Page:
In rabbinical school, at the Jewish Theological Seminary, the Steinsaltz English edition was banned from use because it was considered to be a crutch for those who were too challenged by the puzzling Aramaic of the text. In other, more traditional, circles Steinsaltz was shunned because he altered some of the long-standing conventions when he placed his commentary in the space traditionally reserved for the commentator Rashi and changed the traditional layout and pagination in his translation.
While I wasn't allowed to use my grandfather's Talmud set with Steinsaltz's English translation, I often referred to the Steinsaltz translation of the Talmud into understandable Hebrew. The addition of vowels, punctuation and a contemporary commentary made Talmud study much more accessible for me and for many thousands of other students.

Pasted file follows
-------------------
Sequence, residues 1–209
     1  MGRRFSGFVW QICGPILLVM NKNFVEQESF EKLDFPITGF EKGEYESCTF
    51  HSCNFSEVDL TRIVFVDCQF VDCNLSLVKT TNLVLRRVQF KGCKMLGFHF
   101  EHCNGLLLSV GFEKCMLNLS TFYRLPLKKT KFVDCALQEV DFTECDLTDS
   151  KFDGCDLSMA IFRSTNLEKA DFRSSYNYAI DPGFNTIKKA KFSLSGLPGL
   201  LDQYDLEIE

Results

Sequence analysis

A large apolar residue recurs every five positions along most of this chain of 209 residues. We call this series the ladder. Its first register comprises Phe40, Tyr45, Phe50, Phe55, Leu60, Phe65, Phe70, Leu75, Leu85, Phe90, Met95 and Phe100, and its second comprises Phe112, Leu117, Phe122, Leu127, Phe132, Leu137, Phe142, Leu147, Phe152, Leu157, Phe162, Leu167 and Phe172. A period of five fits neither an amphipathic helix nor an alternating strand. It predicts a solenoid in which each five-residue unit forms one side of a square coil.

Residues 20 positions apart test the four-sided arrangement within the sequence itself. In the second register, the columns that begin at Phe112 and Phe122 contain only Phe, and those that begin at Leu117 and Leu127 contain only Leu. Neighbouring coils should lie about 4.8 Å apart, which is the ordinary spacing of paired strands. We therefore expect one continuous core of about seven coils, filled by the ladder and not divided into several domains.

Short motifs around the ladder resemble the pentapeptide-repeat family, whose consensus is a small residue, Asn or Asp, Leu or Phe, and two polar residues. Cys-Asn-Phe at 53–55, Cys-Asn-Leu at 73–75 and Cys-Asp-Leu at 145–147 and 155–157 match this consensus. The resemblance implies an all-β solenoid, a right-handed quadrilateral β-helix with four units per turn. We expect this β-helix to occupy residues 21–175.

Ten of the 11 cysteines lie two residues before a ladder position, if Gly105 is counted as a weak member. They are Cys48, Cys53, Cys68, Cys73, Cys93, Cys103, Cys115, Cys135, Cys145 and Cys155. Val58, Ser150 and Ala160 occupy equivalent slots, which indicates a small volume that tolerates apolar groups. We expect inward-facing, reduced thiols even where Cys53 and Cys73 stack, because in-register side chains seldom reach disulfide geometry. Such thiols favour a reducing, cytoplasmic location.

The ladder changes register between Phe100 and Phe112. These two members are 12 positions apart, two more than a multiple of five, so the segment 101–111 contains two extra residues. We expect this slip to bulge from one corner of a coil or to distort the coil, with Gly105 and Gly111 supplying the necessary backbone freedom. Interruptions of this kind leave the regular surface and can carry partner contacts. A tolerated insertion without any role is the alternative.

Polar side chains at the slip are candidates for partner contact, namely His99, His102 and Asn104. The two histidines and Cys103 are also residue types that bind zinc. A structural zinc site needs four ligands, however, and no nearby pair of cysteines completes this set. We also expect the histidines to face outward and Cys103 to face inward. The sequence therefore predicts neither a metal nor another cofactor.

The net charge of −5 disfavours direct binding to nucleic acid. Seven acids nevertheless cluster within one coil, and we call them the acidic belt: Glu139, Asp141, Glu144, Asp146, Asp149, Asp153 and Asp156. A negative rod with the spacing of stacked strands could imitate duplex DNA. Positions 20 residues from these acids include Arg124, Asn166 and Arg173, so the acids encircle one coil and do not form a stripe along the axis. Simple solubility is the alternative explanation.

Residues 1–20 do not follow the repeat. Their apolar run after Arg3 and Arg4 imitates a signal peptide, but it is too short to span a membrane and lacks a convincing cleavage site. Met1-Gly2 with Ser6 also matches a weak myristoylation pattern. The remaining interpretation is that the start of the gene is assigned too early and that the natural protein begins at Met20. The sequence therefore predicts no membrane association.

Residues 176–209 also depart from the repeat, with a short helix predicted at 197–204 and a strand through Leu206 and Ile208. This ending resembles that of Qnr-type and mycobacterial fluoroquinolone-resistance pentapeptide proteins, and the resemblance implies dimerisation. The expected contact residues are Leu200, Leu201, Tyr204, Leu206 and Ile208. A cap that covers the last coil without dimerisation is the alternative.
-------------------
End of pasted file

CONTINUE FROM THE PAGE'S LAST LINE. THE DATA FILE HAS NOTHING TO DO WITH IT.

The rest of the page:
Steinsaltz’s undertaking is coming to an end with his publication of the final remaining Tractate (Chulin) into the more manageable Hebrew (his English translation ended after only a dozen or so volumes were complete). In celebration of this milestone, Rabbi Steinsaltz has declared this Sunday to be a "Global Day of Jewish Learning" to raise awareness about the joys and spiritual reward of Jewish study. Through Rabbi Steinsaltz’s organization, The Aleph Society, and with the leadership of Detroit native Rachel Weiss Berger, a website has been set up for individuals to locate resources for self learning.
I am excited to be one of the local teachers who will lead a session on the "Global Day of Jewish Learning." My session will explore the theme of water as it runs through Jewish texts and tradition. Water is an appropriate subject for a day when the world celebrates the work of a man who helped the Jewish people navigate through the Sea of Talmud.